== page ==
Once all the stitches are in place, cut out all the spines, leaving a small margin (maybe 1/8 inch) around the curved areas, and cutting flush with the bottom of the spine.
If you don't have a sewing machine, you'll want to cut first around the patterns and sew the halves together by hand, making the stitches where the lines curve.
Step 5: Turn Spines Inside Out
Now you need to turn the spines inside out. The lighter the fabric, the easier this will be. Our fabric was fairly heavy, so this was actually quite hard. You'll have to come up with a technique that works well with the size of your fingers and whatever you have lying around. I had kids start the inversion process with their small fingers, and then I finished off by using the blunt ends of tools like a crochet needle, a lobster pick and a toothpick. Took us a while to get the knack, and we didn't always get the thinnest parts of the tips out (but that's OK). Once I destroyed a spine by pushing too hard or in the wrong direction, but we made a spare.
Step 6: Roll Bottom Edges In
Roll a bit of the bottom edge in. The solid fold-in lines in the pdf pattern indicate roughly how much. This also was harder with our fabric than it seemed, and pins were handy for holding things in place.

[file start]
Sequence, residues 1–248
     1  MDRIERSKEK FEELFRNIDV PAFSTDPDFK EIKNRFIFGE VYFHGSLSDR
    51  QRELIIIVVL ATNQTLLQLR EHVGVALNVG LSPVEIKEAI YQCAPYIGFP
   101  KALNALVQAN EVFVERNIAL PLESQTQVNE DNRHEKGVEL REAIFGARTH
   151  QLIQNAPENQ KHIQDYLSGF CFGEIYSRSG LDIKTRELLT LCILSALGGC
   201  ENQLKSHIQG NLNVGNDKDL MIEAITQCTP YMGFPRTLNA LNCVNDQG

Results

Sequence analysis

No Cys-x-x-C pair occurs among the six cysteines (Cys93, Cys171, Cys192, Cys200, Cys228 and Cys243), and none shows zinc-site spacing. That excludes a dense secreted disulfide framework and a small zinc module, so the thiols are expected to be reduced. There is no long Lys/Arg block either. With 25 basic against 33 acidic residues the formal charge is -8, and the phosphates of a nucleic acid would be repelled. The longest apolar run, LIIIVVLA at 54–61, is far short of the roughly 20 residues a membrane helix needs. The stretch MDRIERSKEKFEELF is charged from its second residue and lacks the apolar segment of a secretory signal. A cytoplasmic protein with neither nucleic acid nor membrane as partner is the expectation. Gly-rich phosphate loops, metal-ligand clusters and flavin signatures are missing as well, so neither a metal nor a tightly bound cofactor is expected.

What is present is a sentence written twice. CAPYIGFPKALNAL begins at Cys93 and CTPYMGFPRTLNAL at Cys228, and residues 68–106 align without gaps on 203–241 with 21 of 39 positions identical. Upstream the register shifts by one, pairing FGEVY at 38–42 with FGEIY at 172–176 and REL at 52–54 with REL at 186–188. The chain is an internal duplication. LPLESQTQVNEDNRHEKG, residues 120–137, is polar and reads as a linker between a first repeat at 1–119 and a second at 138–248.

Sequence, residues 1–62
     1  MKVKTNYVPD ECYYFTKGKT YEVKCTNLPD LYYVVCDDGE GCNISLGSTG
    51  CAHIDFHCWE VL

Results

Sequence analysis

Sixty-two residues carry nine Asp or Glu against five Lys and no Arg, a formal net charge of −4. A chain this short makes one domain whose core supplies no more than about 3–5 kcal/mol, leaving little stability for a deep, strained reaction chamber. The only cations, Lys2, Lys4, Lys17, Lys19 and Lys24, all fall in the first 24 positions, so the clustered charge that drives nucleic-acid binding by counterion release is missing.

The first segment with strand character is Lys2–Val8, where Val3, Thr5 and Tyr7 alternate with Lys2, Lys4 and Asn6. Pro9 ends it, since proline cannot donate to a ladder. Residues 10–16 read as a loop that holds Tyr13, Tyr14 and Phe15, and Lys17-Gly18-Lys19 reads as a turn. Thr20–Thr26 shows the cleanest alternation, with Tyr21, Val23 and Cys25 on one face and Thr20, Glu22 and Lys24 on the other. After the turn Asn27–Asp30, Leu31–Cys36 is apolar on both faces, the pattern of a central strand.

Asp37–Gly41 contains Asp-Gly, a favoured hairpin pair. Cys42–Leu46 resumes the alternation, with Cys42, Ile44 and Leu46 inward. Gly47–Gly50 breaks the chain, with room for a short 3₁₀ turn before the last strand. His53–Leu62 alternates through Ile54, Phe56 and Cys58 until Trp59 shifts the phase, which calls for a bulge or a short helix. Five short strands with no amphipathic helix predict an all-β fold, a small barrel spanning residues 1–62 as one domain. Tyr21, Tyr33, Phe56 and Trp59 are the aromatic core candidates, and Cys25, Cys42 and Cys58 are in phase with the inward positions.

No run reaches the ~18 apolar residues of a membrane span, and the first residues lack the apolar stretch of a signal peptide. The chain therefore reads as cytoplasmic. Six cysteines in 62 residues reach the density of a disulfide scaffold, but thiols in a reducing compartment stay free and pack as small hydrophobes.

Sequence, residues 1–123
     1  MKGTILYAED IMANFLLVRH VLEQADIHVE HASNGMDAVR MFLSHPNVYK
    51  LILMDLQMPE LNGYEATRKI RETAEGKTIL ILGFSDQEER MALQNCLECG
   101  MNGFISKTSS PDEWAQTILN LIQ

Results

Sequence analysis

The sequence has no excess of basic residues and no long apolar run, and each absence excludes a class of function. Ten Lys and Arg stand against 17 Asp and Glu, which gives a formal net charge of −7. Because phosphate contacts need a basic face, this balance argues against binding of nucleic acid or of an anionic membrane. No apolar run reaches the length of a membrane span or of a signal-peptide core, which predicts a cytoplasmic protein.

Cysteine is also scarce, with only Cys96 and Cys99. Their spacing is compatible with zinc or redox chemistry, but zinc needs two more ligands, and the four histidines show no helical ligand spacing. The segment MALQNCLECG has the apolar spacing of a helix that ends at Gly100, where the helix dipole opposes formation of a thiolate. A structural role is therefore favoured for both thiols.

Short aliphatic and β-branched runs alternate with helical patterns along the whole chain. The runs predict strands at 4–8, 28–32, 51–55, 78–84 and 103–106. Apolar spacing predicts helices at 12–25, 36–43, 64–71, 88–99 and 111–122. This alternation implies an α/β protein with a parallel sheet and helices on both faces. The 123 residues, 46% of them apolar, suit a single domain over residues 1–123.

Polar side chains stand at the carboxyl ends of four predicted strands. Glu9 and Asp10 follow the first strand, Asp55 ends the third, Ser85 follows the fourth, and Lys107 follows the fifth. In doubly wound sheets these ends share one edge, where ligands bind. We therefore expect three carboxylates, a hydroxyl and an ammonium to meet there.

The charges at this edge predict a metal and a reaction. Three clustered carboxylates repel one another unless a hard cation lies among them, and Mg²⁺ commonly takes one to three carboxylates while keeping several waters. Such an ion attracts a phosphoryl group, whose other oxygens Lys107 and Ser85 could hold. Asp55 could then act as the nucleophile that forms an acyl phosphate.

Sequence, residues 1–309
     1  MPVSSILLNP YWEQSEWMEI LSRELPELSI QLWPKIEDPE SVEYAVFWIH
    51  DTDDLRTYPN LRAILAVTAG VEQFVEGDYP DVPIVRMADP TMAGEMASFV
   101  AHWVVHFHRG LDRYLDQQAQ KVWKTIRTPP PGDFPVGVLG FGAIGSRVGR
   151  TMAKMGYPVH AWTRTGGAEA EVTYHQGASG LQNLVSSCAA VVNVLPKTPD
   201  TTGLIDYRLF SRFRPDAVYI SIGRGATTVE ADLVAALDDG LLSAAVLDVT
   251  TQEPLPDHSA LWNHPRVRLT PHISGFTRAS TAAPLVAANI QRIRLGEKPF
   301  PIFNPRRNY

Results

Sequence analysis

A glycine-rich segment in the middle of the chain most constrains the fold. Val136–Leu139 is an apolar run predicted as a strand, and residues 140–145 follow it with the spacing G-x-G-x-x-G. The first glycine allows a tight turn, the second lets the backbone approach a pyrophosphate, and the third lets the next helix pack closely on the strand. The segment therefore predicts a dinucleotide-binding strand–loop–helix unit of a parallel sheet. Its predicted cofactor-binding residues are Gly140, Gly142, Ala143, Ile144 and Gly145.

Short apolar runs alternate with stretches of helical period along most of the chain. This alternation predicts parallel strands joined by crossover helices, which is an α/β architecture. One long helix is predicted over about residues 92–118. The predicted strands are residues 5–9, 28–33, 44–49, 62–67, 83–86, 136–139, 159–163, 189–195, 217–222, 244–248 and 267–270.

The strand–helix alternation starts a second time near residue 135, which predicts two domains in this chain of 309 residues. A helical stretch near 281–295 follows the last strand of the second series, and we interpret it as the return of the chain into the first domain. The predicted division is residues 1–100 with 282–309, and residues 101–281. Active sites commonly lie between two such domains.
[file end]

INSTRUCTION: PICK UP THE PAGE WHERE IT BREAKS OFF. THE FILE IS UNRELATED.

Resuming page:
Step 7: Acquire a Curved Needle
One can buy curved sewing needles, and they are very useful for sewing in the spines. But we didn't want to have to go to the store, so I used a pair of pliers, a flame and safety goggles to curve a straight needle. One needle cracked from trying to bend it too close to the hole, but the next one worked. Note that you will destroy the temper on the needle with the process, so you need to be careful with it when sewing.
Step 8: Sew on Horns
Lay out the horns on the back in the pattern: big, small, small, small, big, small, small, small. The first big one is around the shoulders. The second is just past where the warthog gets its wider hindquarters.
The sewing is hard work and takes practice. Don't worry: if you fail you can just remove the seam and start over. This is all a reversible process.